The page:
How Does a Reverse Mortgage Work?

In a typical forward home mortgage, borrowers make payments toward the principal amount of the loan while home equity, or monetary value in the marketplace, builds over the years. Reverse mortgages convert this equity into cash for eligible borrowers, and the mortgage lender pays you instead. Reverse mortgage loans are due at either the homeowner’s death or when the property is vacated for an assisted living facility or nursing home. The eventual sale of the home recoups the lender’s cash outlay.

To qualify for a reverse mortgage, you must be at least 62. You must own your home outright or have a mortgage balance that is low enough to be absorbed by the reverse mortgage. Single-family homes, 2- to 4-unit homes where one unit is owner-occupied, and some condominiums and manufactured homes are eligible. These nontaxable loans will not affect your Social Security or Medicare benefits. Credit checks have not been historically required, though some lenders have begun to require them.

The 3 Types of Reverse Mortgages

  • Single-purpose reverse mortgages: are offered by some not-for-profit organizations and state or local government bodies. These loans are usually the most affordable, and homeowners with lower incomes can qualify. However, these loans restrict the cash usage to approved expenditures such as home improvement or property tax payments.
  • Proprietary reverse mortgages: are created and backed by private companies. These loans may have higher costs but can be used for any purpose. If your home is of high appraised value, these loans can produce the most cash.
  • Federally insured reverse mortgages: are regulated by the U.S. Dept. of Housing and Urban Development (HUD) and are also called Home Equity Conversion Mortgages (HECMs). Functioning like proprietary reverse mortgages, these loans are less expensive and carry federal backing. HECM loans also contain a provision that allows a one-year grace period for assisted living or nursing home residence before the loan matures.

If you are approved for a reverse mortgage, you may receive your cash in one of 5 ways. Tenured payment provides equal monthly payments for the life of the loan; term payments offer equal monthly payments for a predetermined length of time; lines of credit allow you to control how often and how much you access the funds; modified tenure offers a line of credit and scheduled payments for the length of the loan; and modified term payments give you a line of credit and monthly payments for a fixed time limit that you select.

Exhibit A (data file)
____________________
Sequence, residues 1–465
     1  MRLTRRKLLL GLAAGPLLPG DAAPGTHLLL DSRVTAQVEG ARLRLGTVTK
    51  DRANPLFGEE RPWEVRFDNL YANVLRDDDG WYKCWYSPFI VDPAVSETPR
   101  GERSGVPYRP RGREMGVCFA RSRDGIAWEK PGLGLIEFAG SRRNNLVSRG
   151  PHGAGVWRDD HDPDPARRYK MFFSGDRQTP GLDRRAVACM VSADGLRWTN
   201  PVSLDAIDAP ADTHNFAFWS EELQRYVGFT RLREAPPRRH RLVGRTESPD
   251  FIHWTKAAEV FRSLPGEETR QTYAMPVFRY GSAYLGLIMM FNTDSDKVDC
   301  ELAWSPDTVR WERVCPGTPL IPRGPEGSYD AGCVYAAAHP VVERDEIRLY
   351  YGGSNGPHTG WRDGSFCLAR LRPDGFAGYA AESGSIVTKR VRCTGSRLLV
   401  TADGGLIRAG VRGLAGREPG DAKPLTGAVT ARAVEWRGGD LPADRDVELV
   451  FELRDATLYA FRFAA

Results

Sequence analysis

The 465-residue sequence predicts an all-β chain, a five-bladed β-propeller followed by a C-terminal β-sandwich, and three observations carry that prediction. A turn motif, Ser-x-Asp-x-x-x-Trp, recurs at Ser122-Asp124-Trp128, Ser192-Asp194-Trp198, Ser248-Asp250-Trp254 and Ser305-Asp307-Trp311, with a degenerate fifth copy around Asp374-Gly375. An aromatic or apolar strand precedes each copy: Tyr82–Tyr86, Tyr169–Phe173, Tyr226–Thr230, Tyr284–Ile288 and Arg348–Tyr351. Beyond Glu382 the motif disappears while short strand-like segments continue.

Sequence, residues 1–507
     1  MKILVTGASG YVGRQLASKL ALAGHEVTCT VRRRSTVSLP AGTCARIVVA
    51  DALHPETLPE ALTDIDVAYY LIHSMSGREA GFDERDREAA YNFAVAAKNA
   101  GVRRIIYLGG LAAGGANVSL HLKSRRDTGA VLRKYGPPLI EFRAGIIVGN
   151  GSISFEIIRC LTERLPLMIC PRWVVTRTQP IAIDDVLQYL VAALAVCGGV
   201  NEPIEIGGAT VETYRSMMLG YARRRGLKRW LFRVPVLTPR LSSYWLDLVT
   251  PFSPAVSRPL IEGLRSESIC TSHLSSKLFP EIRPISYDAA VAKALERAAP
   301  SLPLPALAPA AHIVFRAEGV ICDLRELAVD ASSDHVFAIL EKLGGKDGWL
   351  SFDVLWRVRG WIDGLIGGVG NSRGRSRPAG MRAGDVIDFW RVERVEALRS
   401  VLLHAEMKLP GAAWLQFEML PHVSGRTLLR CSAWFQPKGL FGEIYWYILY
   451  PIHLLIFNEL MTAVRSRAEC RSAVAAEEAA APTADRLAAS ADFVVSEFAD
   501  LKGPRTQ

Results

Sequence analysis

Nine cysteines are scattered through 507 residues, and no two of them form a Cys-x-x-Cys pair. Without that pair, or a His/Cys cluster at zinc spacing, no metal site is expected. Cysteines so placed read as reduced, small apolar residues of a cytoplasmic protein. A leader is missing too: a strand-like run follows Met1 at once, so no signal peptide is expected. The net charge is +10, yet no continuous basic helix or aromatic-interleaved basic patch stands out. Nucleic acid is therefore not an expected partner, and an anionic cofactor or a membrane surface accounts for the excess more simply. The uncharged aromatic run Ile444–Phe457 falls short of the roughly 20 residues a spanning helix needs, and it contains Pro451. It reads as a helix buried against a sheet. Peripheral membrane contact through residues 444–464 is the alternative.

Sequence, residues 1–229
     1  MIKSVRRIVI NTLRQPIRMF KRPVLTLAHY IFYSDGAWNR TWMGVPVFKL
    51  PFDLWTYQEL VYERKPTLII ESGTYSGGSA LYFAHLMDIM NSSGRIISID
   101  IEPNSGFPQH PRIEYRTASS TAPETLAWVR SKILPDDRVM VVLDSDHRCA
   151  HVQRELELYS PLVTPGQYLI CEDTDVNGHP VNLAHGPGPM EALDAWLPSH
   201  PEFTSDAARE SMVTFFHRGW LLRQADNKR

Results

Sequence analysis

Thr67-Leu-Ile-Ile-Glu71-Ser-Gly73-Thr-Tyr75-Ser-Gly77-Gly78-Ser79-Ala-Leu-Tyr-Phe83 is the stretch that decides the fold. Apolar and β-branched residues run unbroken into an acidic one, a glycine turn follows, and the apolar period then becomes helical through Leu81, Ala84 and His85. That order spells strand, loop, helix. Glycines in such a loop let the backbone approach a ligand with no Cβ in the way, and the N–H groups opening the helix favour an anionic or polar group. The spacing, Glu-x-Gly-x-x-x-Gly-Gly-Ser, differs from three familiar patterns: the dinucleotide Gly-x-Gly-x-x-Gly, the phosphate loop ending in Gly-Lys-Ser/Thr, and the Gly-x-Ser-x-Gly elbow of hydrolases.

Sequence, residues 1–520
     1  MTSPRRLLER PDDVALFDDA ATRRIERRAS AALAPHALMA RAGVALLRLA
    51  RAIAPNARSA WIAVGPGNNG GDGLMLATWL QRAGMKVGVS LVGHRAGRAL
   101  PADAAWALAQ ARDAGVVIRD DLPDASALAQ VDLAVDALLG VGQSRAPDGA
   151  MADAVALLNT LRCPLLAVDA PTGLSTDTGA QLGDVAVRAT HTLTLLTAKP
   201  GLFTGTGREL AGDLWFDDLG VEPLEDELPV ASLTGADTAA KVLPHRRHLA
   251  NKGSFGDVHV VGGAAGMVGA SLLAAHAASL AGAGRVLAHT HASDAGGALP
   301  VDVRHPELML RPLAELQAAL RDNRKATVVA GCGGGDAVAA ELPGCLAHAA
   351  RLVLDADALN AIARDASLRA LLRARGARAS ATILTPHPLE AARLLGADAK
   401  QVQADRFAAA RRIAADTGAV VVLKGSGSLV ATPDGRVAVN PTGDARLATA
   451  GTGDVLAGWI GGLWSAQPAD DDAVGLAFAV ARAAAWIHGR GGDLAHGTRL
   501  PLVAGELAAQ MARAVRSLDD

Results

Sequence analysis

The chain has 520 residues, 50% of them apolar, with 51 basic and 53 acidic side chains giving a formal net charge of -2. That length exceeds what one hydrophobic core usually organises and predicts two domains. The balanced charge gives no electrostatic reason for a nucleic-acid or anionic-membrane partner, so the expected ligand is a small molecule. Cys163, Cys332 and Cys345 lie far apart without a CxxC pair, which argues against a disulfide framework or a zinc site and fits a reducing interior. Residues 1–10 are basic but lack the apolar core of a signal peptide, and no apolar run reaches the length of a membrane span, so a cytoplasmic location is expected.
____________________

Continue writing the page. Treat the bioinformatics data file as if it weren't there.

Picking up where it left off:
While these terms may seem appealing to elderly homeowners who struggle financially, there are numerous risks. Burning up your home’s equity while you are younger and still relatively healthy may exhaust your financial resources long before you need them most. Often misunderstood by the elderly, reverse mortgages are loans in the truest sense of the word. If you move out of your home and into a costly assisted-living facility, the loan becomes due. If you have no other funds set aside for the expense of a nursing home, you could end up homeless.

Additionally, any resident of the home not listed on the loan, including a spouse, is considered a tenant by reverse mortgage lenders. If the borrower dies or vacates the home due to illness, other residents must move out so the home can be sold. Many couples with age disparity place the oldest spouse as the sole borrower because loan proceeds are larger for older residents; however, in these cases there is no spousal protection when the loan is due.

Borrowers are also required to keep the home well-maintained and insured, and to keep property taxes current. If a forgetful or financially strapped elder doesn’t meet these requirements, the loan defaults and the bank can foreclose. This practice allows mortgage lenders to obtain properties cheaply and flip them for large profits.

Reverse mortgages may also appear to be risk-free for your heirs, because the loan matures upon your death and any excess costs are absorbed by the lender. If your surviving spouse or family want to keep the home, however, they must pay the loan balance in full even if it exceeds the value of the house. If you have no other source of wealth and you rely on a reverse mortgage for expenses, you will have no inheritance to leave.

Reverse mortgages also charge fees that may be difficult to understand. Loan closing costs and lender servicing fees are common, and only HECM loans are legally regulated.The interest on these loans accrues over time, so the longer you tap into cash from your home equity, the more debt you incur. The mortgage interest is not tax-deductible, and most reverse mortgages are loaned at a variable interest rate that can change significantly over time.

If you are interested in a reverse mortgage, consult with an elder law attorney or a financial planner first. There may be other, less costly options available for short-term cash. Local Area Councils on Aging often have resources about alternatives. While a reverse mortgage may be a wise choice in some cases, it is still smart to shop around for the best deal. Watch out for home-improvement sales pitches that suggest a reverse mortgage as funding, and consider the long-term impact on your spouse and family. It may be a better solution to move to a smaller home or work longer, saving this option as a last resort.

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